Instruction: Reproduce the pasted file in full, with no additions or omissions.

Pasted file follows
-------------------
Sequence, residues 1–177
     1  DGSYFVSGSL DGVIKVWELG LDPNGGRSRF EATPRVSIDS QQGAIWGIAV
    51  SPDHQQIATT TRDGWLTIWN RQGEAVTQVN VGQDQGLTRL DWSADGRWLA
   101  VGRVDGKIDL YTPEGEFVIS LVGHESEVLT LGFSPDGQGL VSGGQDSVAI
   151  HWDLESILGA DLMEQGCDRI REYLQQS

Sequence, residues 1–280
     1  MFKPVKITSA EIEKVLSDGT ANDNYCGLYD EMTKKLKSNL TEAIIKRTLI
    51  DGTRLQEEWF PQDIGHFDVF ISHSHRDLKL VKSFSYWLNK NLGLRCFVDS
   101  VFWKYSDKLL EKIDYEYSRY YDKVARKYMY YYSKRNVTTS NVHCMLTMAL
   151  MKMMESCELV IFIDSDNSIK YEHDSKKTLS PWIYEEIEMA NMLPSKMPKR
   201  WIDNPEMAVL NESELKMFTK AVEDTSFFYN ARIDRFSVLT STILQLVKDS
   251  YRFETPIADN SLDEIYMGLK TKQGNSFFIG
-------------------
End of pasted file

Sequence, residues 1–177
     1  DGSYFVSGSL DGVIKVWELG LDPNGGRSRF EATPRVSIDS QQGAIWGIAV
    51  SPDHQQIATT TRDGWLTIWN RQGEAVTQVN VGQDQGLTRL DWSADGRWLA
   101  VGRVDGKIDL YTPEGEFVIS LVGHESEVLT LGFSPDGQGL VSGGQDSVAI
   151  HWDLESILGA DLMEQGCDRI REYLQQS

Sequence, residues 1–280
     1  MFKPVKITSA EIEKVLSDGT ANDNYCGLYD EMTKKLKSNL TEAIIKRTLI
    51  DGTRLQEEWF PQDIGHFDVF ISHSHRDLKL VKSFSYWLNK NLGLRCFVDS
   101  VFWKYSDKLL EKIDYEYSRY YDKVARKYMY YYSKRNVTTS NVHCMLTMAL
   151  MKMMESCELV IFIDSDNSIK YEHDSKKTLS PWIYEEIEMA NMLPSKMPKR
   201  WIDNPEMAVL NESELKMFTK AVEDTSFFYN ARIDRFSVLT STILQLVKDS
   251  YRFETPIADN SLDEIYMGLK TKQGNSFFIG